Two years later (2008) he was “hand picked” by renowned saxophonist Greg Osby for his new band of upcoming talents (with which he records the album 9 Levels), which provided him significant exposure, and brought him closer to record his own album.
Osby had launched Inner Circle Music, in 2007, providing a fresh crop of gifted jazz artists, with the opportunity to record and distribute their own projects. But before Lepore signed on to record, he accepted a teaching grant that took him to the Ecole Nationale De Musique in Abidjan, Ivory Coast, to teach jazz performance. He had been to Africa in 2004, with singer Cynthia Scott, traveling and performing as part of the American Music Abroad program sponsored by the State Department and the Kennedy Center and in 2007, he had returned with the Charlie Porter Quartet as part of the same Music Abroad program. Upon his return, he resumed where he had left off with Osby.
Joseph continues to work with Osby and has had the opportunity to perform also with notable sax players Mark Turner and Joe Lovano. His debut album as a band leader, Journal, has been released in August 2010 for Inner Circle Music.

Rogerio Boccato

Brazilian percussionist and educator Rogério Boccato plays in projects led by some of today’s leading jazz players, among them Danilo Perez, John Patitucci, Edward Simon, David Binney, Ben Allison, Paul Bollenback, Jon Gordon, and Mike Holober. He has also collaborated with top-ranking Brazilian artists, such as Toninho Horta, Dori Caymmi, Moacir Santos, and Vinicius Cantuária.
He is featured on two Grammy-nominated albums: Kenny Garrett’s “Beyond The Wall” and John Patitucci’s release “Remembrance”, alongside Joe Lovano and Brian Blade.
As a longtime member of the “Orquestra Jazz Sinfônica do Estado de São Paulo”, Brazilian percussionist Rogério Boccato has played with Antonio Carlos Jobim, Hermeto Pascoal, Milton Nascimento, Egberto Gismonti, João Bosco, Joe Zawinul, among many others.
Rogério Boccato has been a faculty member of the Percussion department of The Hartt School (University of Hartford) teaching Brazilian Percussion and Ritmica, and recently joined the faculty of the Manhattan School of Music and Montclair State University.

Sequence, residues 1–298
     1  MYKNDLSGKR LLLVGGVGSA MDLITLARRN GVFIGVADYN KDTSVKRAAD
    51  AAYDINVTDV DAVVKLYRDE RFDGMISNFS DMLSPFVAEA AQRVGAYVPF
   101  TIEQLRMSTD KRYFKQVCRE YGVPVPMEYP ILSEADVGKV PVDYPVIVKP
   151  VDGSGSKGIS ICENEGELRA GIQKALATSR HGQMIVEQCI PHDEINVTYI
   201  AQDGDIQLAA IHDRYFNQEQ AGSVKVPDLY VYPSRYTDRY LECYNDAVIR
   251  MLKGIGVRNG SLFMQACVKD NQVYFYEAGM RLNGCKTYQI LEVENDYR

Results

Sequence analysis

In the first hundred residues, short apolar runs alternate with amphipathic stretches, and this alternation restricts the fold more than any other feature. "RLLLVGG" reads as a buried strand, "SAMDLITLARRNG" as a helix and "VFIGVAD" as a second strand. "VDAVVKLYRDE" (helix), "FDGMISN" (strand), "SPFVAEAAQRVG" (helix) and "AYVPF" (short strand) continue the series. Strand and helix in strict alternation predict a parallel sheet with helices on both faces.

He has been presenting clinics on Brazilian music, focusing on traditional Brazilian rhythms and styles applied to the drum set and to Jazz combo, which have been enthusiastically received at universities around the United States, Mexico and Portugal.

Jeff “Tain” Watts

One of the most in demand jazz drummers in the world today, Jeff initially majored in classical percussion at Pittsburgh’s Duquesne University, where he was primarily a timpanist, followed by enrollment at the Berklee School of Music, where he pursued jazz studies alongside such talented players as Branford Marsalis, Kevin Eubanks, Greg Osby, Aimee Mann, Steve Vai and Marvin “Smitty” Smith.
Jeff joined the Wynton Marsalis Quartet in 1981 and proceeded to win three Grammy Awards with the ensemble. Watts left Wynton Marsalis in 1988. After working with George Benson, Harry Connick. Jr. and McCoy Tyner, he joined the Branford Marsalis Quartet in 1989.
Jeff has worked in the film and television industry as both a musician on the Tonight Show with Jay Leno and as an actor, Rhythm Jones in Spike Lee’s “Mo Better Blues”. Jeff joined Kenny Garrett’s band after returning to New York in 1995 after three years in LA on the Tonight Show. Watts also continued to record and tour with Branford Marsalis as well as Danilo Perez, Michael Brecker, Betty Carter, Kenny Kirkland, Courtney Pine, Geri Allen, Alice Coltrane, Greg Osby, Steve Coleman, Gonzalo Rubalcaba, and Ravi Coltrane. (read more at Read more at

similar artists